The obvious first mover advantage for China (and all its current allies) would be to use the rhetoric coming out of the current U.S. political arena, along with current, as well as proposed monetary policies via the Fed, ECB, and Japan. Add to that the proposition for the possibility of the Fed. tightening in this economic climate making it a magnet for outflows, all against the backdrop of a former Fed. chairman tries to convince their #1 trade nemesis to devalue and deploy monetary interventions of historic measures.

I would take all the above (and would find even more examples) and spin it all for populace consumption as  “What else are we to do? Sit back while the world holds our trade, our currency, our waters, and our economy, even our workers hostage to their demands?!” Then I’d dump every and all possible goods flooding the markets, devalue the Yuan in one epic move. And let the chips fall where they may.

From a business perspective: it would be of the utmost stupidity to just sit back and wait to see how you competitors were going to position themselves when nearly every move they make helps solidify their advantages and leaves you only some form of reaction mode.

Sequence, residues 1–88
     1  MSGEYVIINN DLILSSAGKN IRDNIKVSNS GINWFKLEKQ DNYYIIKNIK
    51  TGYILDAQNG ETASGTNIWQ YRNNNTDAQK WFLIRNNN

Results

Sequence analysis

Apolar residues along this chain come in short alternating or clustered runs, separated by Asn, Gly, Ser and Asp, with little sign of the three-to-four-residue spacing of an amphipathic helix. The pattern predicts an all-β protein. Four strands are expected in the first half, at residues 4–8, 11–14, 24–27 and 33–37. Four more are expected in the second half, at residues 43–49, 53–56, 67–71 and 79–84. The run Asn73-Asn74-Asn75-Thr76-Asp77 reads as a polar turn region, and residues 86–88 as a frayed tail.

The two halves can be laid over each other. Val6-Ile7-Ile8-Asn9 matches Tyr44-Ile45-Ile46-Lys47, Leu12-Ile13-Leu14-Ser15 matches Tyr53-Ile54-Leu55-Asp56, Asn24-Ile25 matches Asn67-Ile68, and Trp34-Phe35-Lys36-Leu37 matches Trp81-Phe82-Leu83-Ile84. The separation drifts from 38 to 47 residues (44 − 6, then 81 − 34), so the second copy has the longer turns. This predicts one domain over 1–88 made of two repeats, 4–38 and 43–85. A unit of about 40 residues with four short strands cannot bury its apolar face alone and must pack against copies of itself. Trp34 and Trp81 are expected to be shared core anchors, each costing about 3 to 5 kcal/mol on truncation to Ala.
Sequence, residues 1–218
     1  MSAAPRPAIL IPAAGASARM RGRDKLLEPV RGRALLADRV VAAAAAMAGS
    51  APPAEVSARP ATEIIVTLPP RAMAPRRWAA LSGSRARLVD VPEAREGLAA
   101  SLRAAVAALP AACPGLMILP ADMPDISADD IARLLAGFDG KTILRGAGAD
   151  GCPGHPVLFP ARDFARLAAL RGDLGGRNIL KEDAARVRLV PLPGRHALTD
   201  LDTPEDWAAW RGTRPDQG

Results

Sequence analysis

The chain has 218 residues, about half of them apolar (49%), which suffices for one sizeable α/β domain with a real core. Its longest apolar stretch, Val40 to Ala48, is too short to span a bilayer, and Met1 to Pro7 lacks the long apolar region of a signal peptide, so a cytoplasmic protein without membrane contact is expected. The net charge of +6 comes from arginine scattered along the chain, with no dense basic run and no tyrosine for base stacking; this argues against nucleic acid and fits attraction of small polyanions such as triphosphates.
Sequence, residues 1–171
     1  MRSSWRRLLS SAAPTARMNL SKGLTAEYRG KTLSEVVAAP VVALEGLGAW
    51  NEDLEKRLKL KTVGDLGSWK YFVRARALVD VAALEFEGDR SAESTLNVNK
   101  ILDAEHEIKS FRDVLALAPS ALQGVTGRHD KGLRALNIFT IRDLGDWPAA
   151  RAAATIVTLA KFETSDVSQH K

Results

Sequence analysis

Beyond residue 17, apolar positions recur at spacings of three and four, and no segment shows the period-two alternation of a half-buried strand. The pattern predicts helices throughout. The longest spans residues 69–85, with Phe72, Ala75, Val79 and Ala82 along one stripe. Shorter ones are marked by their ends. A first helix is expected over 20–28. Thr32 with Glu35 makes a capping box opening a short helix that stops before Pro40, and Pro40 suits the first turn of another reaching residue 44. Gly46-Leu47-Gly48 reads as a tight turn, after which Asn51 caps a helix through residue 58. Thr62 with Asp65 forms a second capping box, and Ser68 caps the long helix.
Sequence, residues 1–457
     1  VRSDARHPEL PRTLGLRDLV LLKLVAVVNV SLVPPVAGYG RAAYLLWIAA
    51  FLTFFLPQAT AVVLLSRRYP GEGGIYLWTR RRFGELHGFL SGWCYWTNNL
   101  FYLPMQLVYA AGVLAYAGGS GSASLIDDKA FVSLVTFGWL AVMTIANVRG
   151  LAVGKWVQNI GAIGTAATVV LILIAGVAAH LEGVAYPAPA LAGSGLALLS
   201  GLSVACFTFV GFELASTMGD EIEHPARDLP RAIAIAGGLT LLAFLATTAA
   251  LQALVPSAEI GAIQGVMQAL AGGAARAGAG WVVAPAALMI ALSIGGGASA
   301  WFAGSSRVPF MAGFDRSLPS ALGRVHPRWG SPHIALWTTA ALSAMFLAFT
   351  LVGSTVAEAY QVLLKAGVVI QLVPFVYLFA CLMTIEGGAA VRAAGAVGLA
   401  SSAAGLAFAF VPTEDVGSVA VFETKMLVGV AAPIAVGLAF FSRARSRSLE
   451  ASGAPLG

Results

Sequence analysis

And to think in this current environment China is going to stay, or be held to, some form of “reaction mode only” is absolutely ludicrous. I know I wouldn’t. And I made my mark in business as a “turn around” expert. And I’m here to tell you, if my people came into the board room and laid out just some of the things I iterated earlier? I can say unequivocally what my first response would be: Do it – and now!

That “bull” I alluded to earlier in the china shop is this current “bull####” market. It is currently standing at the peak of absurdity with no volume, earnings, or any other fundamental reason. And its fragility is just the same as that of any fine piece of crystal or china. And all it will take to send everything crashing down in a frenzy of broken shards is when he gets spooked. But by then – it will be too late. It will be a first mover world advantage world only – reactionary will be as useless as the broken glass that befalls it. Central banks (let alone many government officials) are in no way prepared for what could take place if China decides “it’s time.”

And I believe they are weighing the precise time to move – not if.